The effects Covid-19 has had on the jobs market has been unlike anything we have seen since the 2008 recession, and even then, the problem was a lot more tangible, but this virus follows us in the air – an invisible destroyer. Consequentially, businesses have been forced to close their doors, some indefinitely, unable to cover costs of ongoing bills whilst profits plummet.
In financial areas such as mortgages and car insurance, the Government has set plans in place with banks and policy providers to offer relief, or payment holidays, to those worst affected by the pandemic. And whilst those schemes aren’t useful to everyone, they have undoubtedly helped thousands of people stay afloat over the past four months.
However, companies have had a much harder time, with many claims on business interruption policies being rejected.
Is business interruption insurance a valid policy?
In short, yes. It’s a valid policy that many insurers offer to businesses which will cover times of financial loss, but tensions have begun to fray between business owners and the Financial Conduct Authority (FCA) over this policy during Covid-19.
The FCA has expressed that it doesn’t believe that the current pandemic qualifies as relevant grounds for claims; Christopher Woolard, interim chief executive for the FCA, stated:
“We have been clear that we believe in the majority of cases, business interruption insurance was not purchased to, and is unlikely to, cover the current emergency. But there are also some other policies where firms may consider there is no doubt about wording and decline to pay a claim, but customers may still consider there is genuine uncertainty about whether their policy provides cover.”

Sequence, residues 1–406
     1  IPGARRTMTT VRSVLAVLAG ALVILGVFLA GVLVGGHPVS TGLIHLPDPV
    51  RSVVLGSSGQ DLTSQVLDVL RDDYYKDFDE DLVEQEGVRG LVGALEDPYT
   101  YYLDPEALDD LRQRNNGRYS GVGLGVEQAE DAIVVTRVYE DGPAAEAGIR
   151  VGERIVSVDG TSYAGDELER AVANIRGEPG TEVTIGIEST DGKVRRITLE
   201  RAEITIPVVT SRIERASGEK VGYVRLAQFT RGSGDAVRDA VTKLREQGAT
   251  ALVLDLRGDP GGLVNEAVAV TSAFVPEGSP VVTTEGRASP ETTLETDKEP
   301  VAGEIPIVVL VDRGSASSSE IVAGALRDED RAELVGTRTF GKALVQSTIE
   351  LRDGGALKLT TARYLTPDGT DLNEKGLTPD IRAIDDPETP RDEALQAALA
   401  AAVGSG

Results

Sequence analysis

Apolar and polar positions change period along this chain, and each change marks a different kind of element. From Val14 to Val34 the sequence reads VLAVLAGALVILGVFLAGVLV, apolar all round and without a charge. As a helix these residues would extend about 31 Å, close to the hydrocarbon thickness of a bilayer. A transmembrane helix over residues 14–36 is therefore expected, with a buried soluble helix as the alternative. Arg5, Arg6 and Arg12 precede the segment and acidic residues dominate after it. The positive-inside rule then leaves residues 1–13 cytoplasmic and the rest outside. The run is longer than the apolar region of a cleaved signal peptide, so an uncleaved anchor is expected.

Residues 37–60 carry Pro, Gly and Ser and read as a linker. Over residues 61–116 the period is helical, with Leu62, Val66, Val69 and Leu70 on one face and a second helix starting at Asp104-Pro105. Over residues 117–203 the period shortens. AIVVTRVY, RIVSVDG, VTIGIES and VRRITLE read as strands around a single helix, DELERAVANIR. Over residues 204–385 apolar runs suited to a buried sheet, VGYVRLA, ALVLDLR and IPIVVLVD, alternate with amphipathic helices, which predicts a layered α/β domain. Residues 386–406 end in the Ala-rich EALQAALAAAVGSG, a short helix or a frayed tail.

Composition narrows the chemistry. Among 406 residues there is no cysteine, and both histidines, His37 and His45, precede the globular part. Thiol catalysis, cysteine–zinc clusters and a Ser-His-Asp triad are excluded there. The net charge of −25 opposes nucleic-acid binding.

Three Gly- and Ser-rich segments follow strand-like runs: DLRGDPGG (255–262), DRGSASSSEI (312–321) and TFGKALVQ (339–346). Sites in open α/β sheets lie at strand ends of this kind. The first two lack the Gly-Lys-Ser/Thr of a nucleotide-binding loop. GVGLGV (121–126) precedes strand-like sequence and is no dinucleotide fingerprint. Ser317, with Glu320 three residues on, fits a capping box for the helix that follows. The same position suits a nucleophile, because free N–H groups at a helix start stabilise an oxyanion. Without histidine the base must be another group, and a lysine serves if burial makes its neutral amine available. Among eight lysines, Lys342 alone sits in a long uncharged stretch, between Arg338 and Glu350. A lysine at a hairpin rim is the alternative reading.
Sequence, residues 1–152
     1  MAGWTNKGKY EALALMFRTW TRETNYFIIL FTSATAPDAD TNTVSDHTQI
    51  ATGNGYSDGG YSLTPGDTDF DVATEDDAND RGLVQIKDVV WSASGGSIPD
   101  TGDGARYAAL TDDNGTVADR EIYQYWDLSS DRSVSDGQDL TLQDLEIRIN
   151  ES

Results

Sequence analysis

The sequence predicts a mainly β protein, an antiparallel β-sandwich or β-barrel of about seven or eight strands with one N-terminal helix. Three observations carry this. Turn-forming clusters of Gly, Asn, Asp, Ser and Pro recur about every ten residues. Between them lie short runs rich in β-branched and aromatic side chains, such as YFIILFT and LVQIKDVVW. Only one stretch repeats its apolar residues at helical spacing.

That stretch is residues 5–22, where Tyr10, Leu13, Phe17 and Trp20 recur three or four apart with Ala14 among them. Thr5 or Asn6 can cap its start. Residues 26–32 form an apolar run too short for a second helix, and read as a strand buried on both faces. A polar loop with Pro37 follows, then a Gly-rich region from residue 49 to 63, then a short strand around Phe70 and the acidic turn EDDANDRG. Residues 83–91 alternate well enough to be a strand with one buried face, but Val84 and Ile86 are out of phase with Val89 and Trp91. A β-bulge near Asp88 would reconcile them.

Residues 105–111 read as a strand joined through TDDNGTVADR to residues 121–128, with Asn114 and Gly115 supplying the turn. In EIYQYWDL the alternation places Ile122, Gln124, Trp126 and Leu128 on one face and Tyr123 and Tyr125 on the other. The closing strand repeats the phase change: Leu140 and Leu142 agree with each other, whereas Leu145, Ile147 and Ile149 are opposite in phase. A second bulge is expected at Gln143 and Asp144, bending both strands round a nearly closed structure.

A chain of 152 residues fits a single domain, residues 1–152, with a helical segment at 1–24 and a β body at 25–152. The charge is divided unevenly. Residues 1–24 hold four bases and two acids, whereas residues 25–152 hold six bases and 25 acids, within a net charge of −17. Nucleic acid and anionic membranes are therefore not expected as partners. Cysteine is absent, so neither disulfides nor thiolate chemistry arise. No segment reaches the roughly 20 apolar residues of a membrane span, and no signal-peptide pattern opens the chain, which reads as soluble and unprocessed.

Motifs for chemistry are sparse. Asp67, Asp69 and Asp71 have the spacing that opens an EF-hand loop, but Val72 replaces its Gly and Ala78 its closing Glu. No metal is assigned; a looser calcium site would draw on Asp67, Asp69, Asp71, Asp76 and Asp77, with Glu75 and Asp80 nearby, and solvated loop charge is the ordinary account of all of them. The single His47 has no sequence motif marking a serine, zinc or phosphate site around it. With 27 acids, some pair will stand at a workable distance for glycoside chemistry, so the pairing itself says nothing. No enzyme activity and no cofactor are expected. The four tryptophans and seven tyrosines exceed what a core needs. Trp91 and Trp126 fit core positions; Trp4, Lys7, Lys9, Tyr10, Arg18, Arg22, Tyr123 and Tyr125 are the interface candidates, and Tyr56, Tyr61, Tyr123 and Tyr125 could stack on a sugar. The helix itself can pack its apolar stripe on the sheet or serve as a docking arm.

Part of the problem is lack of clarity, whether that’s small print or unclear wording, businesses feel that the denial of claims is unjust.
So, where do we go from here?
There needs to be a review
Business interruption insurance needs a swift wholesale review, and potentially even a judicial review. Insurers aren’t currently equipped to pay out in situations such as the one we are facing now, and instead rely on the ‘Act of God’ clause.
But it’s crucial that the FCA recognise, sooner rather than later, that the Government nor the taxpayer can afford another pay out on the scale which we have witnessed over the past 16 weeks. Unfortunately, the risk of a second spike is more than likely, and the UK will not survive if this is the way insurance and financial support is tackled.
Future thinking is critical
Of course, it wouldn’t be possible for insurance schemes to continue as normal if they were to review and change their approach to business interruption policies; premiums would have to be much higher, for example. But if the insurance were mandatory it would spare the economy and would keep hard working, self-employed individuals in business at times where livelihoods and wellbeing depend solely on the continuation of money coming in, even if they have to shut shop.